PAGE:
Beech (Fagus sylvatica), spruce (Picea abies), poplar (Populus nigra) and pine (Pinus sylvestris)
Tree samples are collected in near-natural habitats such as the Berchtesgaden National Park, urban areas such as Leipzig, and agricultural areas such as Scheyern (north of Munich) in order to cover a range of land use intensities. The sampling locations are spread across Germany and can be viewed in detail on the website of the Environmental Specimen Bank:
A total of 15-20 trees are sampled within each sampling area. Three to four branches of the outer crown area are removed and visually examined for signs of insect herbivory, foreign deposits and the degree of fructification. Only then are the individual leaves cut off above the stem with sterile scissors over a stainless steel tub. Annual shoots are cut off of coniferous trees. A fixed amount of leaves/annual shoots is weighed out in the stainless steel container for each tree. The resulting composite sample of leaves/annual shoots from all 15-20 selected trees is stored over liquid nitrogen. For the biometric characterization, 25 leaves/annual shoots per tree are packed in a paper bag.
At Trier University, comprehensive studies on the arthropod communities associated with leaf homogenates (beech, spruce, pine, Lombardy poplar) have already been carried out as part of a PhD dissertation and several Masters theses. Traces of DNA from these animals can be isolated from the leaf homogenates using metabarcoding. As part of the work package, the protocol is to be further optimized to enable a much more comprehensive reconstruction of arthropod communities in tree canopies. In addition, the data on arthropod communities already generated at Trier University will be used to characterize the genetic variation within individual species. A COI amplicon will be sequenced for 400 samples from all ESB locations and all four tree species, spanning a time series from 1985-2020.
Earthworms (Lumbricus terrestris/Aporrectodea longa)
Earthworms are sampled at 4 locations in Germany at regular intervals in the autumn months. The species Aporrectodea longa is sampled at the Belau site and Lumbricus terrestris at the sites in Leipzig, Scheyern and in the Saar Valley. Using a generator connected to two rows of electrodes, which are inserted into the ground in a zigzag pattern (top photo), alternating current is fed into the ground, driving earthworms to the surface. A specified number of sexually mature worms of the target species is collected for each location and transferred to Petri dishes (lower two photos).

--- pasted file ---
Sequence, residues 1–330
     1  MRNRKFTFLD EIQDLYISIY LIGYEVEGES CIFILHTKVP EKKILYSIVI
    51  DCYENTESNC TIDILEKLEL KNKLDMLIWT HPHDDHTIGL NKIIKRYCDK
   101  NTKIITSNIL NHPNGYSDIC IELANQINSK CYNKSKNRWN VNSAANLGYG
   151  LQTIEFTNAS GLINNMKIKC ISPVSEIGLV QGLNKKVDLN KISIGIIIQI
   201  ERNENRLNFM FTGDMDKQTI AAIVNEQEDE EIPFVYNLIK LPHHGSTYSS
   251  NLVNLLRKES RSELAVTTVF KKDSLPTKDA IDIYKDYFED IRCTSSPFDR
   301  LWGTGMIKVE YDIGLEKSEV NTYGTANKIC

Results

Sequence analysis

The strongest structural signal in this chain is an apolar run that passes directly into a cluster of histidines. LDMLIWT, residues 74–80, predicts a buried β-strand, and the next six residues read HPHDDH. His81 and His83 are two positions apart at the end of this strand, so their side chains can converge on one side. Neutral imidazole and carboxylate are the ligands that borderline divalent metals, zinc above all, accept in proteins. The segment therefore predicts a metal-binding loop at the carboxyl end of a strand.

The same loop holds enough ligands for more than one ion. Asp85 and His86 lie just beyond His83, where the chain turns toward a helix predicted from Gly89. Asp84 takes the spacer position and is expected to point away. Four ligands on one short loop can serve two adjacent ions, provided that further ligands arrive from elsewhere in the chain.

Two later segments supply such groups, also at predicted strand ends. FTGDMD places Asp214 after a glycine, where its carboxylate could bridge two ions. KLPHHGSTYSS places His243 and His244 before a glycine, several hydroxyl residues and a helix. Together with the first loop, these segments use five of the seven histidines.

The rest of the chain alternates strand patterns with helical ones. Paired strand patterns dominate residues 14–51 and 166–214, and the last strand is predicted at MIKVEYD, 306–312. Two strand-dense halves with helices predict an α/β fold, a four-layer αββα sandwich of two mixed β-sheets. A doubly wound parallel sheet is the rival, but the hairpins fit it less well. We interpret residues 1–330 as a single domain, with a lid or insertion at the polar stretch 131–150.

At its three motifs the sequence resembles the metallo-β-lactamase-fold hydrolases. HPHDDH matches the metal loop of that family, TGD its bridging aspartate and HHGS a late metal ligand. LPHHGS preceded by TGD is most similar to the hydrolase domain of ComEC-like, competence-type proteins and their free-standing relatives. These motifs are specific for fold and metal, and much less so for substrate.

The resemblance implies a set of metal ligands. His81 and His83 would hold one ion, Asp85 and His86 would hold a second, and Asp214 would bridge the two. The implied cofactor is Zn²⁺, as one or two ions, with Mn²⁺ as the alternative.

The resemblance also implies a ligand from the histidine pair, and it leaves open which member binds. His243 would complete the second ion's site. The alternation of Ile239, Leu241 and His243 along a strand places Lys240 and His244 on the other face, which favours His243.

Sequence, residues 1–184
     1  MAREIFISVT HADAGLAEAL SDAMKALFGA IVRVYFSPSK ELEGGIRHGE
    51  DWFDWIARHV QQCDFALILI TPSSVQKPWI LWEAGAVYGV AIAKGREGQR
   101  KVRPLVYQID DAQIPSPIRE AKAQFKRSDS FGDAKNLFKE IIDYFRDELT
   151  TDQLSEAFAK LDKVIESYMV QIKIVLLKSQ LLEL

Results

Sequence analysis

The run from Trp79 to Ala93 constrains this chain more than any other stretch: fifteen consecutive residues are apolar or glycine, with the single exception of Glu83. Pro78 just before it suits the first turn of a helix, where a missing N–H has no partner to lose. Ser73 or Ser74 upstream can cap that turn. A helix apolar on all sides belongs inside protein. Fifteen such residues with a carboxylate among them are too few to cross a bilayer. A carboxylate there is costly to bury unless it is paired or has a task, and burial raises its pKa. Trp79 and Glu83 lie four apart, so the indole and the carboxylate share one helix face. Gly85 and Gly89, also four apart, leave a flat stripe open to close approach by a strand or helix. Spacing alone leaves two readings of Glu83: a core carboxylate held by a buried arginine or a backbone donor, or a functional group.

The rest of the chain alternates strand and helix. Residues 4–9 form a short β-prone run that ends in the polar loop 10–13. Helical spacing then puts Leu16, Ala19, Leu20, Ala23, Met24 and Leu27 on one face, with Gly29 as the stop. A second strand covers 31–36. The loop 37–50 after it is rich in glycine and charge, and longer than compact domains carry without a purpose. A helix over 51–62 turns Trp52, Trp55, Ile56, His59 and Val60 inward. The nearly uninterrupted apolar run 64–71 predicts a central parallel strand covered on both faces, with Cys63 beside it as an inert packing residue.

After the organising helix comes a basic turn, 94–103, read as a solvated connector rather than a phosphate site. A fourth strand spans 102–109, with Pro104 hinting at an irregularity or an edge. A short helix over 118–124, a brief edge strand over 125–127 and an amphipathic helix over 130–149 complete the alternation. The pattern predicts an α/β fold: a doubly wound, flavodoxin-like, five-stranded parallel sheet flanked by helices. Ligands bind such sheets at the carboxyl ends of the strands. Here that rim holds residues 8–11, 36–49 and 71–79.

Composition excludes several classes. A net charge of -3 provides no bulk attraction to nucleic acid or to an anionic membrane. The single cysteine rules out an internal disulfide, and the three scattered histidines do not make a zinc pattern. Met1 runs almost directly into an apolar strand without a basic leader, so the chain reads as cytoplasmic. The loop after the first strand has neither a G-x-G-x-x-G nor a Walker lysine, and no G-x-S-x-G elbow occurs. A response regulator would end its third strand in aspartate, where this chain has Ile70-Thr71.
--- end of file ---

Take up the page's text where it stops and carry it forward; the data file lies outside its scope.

Earthworms are associated with a complex microbiome and have a co-evolved, symbiotic genus of bacteria, Verminephrobacter. In this work package, the worm-associated microbiome is characterized in detail using amplicon sequencing. The worm droppings represent the intestinal contents of the worm and enable bacteria closely associated with the worm to be distinguished from bacteria in the environment. A total of 90 homogenates from six locations are examined, covering a time series from 1990-2019. In addition, the faeces of 45 homogenates will be examined for comparison. As the focus is on the bacterial microbiome, a 16S amplicon will be generated for each of the 90 worm samples and 45 fecal samples.
A total earthworm genome will be assembled and genomes of 50 homogenate samples from six sampling plots sequenced using shotgun sequencing (‘Poolseq’). Based on this, genetic changes in earthworm populations will be identified. The samples represent a time series from 1990-2019.
Soil samples contain macroorganisms, such as arthropods and nematodes, as well as diverse microbial communities. These communities will be characterized using metagenomics. For this purpose, genomic DNA is sequenced via shotgun sequencing (SGN, 55 homogenates, 12 locations, 2002-2018).